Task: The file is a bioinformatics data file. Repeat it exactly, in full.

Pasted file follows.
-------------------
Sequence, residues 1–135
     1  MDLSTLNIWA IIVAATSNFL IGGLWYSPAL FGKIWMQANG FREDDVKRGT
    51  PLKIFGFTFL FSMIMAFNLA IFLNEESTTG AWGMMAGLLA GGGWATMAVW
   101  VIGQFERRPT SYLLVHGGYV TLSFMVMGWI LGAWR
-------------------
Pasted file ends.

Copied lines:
Sequence, residues 1–135
     1  MDLSTLNIWA IIVAATSNFL IGGLWYSPAL FGKIWMQANG FREDDVKRGT
    51  PLKIFGFTFL FSMIMAFNLA IFLNEESTTG AWGMMAGLLA GGGWATMAVW
   101  VIGQFERRPT SYLLVHGGYV TLSFMVMGWI LGAWR